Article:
The revenge motivation for violence can be seen in many films and novels, but one of the most clear-cut examples of this motivation -- as well as one of the most violent -- are Quentin Tarantino's Kill Bill films. In this two-part movie, a former assassin (Uma Thurman) tracks down her former boss and her remaining colleagues, killing each of them one by one because they had tried to kill her some years prior. She also gains a daughter through her dispatching of her former boss and lover, but she does not need to kill him to accomplish this. Nor does she have any real reason to kill the other female assassins with whom she used to work; had she simply dropped out of sight, she would not have been in any danger. Yet the character's motivation throughout the film is nothing more -- or less -- then a desire for absolute and utter vengeance against the man who tried to take her life. This film shows how powerful a force the desire for revenge can be.
Violence can also occur ritualistically, as is seen among the cultures on Papua New Guinea (Stewart & Strathern 2002). A different sort of ritualistic violence occurs in Dan Brown's Da Vinci Code, which though wildly inaccurate in many of its details is quite pointedly correct in describing the self-inflicted pain that the albino monk working on behalf of an ultra-religious sect endures (Brown 2003). Such violence direct inwards can often be a signal of individual issues with violence, and this is certainly the case with this character in both the novel and film versions of Brown's story. This violence is of a type somewhat different than those explored in Violence: theory and Ethnography, but its roots are largely the same -- indoctrination in violent beliefs and a perception of harm, both physical and metaphysical, for refraining from certain acts of violence themselves -- drive many people's behavior.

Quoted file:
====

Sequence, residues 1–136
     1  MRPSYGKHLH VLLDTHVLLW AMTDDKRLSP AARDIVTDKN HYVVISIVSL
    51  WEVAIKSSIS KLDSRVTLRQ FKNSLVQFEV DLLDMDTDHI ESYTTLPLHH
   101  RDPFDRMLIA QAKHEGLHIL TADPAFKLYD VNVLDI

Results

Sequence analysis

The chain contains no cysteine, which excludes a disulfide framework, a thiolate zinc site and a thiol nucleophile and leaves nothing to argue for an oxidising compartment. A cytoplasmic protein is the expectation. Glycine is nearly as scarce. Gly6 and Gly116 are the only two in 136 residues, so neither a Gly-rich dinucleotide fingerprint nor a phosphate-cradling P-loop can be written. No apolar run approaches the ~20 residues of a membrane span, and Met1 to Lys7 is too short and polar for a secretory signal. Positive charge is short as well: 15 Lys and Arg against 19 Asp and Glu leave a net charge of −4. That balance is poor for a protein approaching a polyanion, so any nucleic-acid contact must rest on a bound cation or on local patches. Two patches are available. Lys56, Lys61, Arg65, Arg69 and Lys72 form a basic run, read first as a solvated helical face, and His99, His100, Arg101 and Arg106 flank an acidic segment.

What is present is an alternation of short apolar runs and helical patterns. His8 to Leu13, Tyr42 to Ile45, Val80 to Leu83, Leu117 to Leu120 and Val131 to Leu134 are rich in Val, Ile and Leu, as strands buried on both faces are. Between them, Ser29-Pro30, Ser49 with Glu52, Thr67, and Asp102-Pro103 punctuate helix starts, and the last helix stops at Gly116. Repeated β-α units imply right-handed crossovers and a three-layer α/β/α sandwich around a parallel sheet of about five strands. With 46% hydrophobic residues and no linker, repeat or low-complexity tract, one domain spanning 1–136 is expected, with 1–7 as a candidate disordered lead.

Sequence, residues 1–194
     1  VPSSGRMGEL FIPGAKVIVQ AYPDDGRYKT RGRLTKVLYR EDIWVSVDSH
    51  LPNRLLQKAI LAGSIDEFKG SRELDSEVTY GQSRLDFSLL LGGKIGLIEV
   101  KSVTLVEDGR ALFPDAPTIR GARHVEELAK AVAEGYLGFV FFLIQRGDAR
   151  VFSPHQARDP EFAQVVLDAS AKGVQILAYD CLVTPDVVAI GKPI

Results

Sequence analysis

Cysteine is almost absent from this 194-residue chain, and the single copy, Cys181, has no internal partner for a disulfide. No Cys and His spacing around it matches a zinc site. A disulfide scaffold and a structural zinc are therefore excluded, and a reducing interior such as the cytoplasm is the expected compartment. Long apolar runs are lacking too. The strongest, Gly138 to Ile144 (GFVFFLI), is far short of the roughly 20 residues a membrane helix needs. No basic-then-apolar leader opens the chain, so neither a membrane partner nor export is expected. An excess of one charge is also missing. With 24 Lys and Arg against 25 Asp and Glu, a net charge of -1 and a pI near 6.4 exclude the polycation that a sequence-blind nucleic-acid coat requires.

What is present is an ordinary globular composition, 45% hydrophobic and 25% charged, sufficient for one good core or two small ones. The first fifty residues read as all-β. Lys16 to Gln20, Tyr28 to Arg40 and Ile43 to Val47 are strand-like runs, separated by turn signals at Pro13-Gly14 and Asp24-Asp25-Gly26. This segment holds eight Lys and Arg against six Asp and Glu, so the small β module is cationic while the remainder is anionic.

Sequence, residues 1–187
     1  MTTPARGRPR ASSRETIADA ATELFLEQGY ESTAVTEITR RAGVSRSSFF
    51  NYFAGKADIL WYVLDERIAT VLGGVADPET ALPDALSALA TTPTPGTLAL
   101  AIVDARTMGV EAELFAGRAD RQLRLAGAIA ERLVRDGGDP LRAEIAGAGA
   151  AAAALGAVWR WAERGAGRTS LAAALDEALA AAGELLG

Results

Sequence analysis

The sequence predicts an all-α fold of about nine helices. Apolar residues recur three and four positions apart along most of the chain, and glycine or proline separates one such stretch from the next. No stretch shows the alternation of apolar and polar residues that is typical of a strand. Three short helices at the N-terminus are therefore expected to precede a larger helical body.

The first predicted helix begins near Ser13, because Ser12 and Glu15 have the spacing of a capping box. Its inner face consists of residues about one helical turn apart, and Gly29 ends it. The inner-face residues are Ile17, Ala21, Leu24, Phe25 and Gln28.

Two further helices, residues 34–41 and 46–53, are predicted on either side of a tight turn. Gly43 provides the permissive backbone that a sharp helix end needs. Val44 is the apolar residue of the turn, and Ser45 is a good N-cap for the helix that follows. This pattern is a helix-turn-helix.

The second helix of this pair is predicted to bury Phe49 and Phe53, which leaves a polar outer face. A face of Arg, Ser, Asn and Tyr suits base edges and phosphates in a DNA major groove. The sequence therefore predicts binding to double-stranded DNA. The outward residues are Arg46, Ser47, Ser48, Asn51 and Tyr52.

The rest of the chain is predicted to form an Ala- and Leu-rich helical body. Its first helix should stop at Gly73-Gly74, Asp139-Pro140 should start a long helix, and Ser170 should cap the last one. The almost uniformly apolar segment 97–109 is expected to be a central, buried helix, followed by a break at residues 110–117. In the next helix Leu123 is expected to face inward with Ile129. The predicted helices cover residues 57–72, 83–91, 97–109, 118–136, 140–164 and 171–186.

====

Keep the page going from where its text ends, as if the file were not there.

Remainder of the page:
A third instance of violence in film can be seen in the Coen brother's classic movie Millers Crossing, which involves acts of both individual and collective violence. Throughout the film, there are several motivations for the various acts of violence that are committed, but they all essentially boil down to one -- greed. This greed is sometimes manifested as lust, but it is really the same thing; it is a coveting of things that other possess and that are not needed for survival, but that one person wants anyway. This is also one of the basic causes of violence, and though it does not explain the widespread genocides and civil wars that are covered by the authors of this book, it is certainly a common elements in the popular culture and the various texts it produces. Violence, whatever else it may be, is the direct result of certain of the less noble of human intentions and motivations, and Miller's Crossing is rife with these aspects of humanity collectively and individually.
It is cliche and somewhat naive to say that violence doesn't solve anything, but as many of the instances in Violence: Theory and Ethnography show, this statement is certainly true. Violence tends to beget more violence, erupting in unpredictable yet all-too-familiar patterns at various times in every culture. As our understanding of violence grows more refined, it can be hoped that these events can be curbed and mitigated, and brought to a faster and safer resolution for all concerned. A less violent world is something everyone can agree would be a boon to humanity.
Brown, Dan. (2003). The Da Vinci Code. New York: Random House.
Coen, J. & Coen, E. (1990). Miller's Crossing. Twentieth Century Fox.
Stewart, P. & Strathern, A. (2002). Violence: Theory and Ethnography. London: Continuum.